Saturday, 25 July 2009

A Question of Theory?

I'm working my way through this book; it's not a great choice for a non economist like me, and some of it is a bit above my head. Moreover, some professionals seem to confirm my inexpert feeling that it's a bit of a curate's egg as well. But given the title I thought I had to give it a go. Well, the title plus the fact he wrote a couple of smashing Spokesman pamphlets thirty years ago: Socialism and Parliamentary Democracy and Trotsky and Fatalistic Marxism. Both of those influenced me a lot as a teenager...but he's changed his view of the world it seems to me, though I'm cautious about judging the theoretical development of people whose theories I don't fully understand.

What I will take away from the book, however, is this rather striking set of phrases:
The...standard core of utility theory is non falsifiable. ...Boland (1981) asks if any conceivable evidence would refute the standard assumption of maximising behaviour. He shows that such an attempt at falsification could never work. Any claim that a person was is not maximising anything can always be countered by the response that the person is in fact maximising something else. Given that we can never in principle demonstrate that 'something else' is not being maximised, the theory is invulnerable to empirical attack...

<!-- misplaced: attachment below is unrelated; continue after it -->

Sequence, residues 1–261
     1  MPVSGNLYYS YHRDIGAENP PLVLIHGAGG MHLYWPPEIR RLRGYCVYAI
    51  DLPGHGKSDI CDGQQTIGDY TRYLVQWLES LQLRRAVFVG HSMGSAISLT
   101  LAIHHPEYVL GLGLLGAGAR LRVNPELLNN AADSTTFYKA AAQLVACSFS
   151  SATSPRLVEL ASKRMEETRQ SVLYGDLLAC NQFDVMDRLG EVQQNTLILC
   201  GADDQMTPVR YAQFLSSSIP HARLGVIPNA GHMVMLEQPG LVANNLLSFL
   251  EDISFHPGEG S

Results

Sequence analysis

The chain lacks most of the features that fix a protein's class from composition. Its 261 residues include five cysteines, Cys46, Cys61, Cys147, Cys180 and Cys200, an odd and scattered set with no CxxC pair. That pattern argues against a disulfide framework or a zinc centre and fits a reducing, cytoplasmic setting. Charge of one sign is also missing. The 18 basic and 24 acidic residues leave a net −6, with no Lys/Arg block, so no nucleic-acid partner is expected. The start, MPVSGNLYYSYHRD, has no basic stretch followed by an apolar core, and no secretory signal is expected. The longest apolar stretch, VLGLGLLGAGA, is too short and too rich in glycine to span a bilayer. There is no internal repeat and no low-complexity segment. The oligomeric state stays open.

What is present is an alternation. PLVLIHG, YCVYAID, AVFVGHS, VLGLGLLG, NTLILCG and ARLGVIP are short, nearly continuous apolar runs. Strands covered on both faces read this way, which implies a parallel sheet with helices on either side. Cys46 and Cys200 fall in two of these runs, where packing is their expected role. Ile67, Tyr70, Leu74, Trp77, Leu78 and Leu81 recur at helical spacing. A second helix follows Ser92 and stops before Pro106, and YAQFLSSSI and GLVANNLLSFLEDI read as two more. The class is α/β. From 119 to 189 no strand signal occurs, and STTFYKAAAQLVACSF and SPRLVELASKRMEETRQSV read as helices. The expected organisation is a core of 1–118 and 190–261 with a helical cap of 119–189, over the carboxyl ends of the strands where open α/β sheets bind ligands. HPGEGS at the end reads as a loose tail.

The problem with the maximisation argument are doubly severe when it assumes utility is being maximised. There is no experimental or other phenomenon that cannot in principle be 'explained' within a utility maximising framework...No evidence can, in principle, falsify the assumption that behaviour results from individuals or households maximising their encompassing all possible arrangements and interconnections, the important relationships and connections are lost in a sea of universal possibilities. Accordingly, the universality of a theory does not necessarily mean it is useful or informative...
A chapter of carefully phrased caveats and examples follow. But my interest remains with this broad opening claim. Does it imply that the model of 'rational' behaviour which underpins mainstream economics is actually unprovable? & isn't this the very complaint that Popper raised against Marxism all those years ago?

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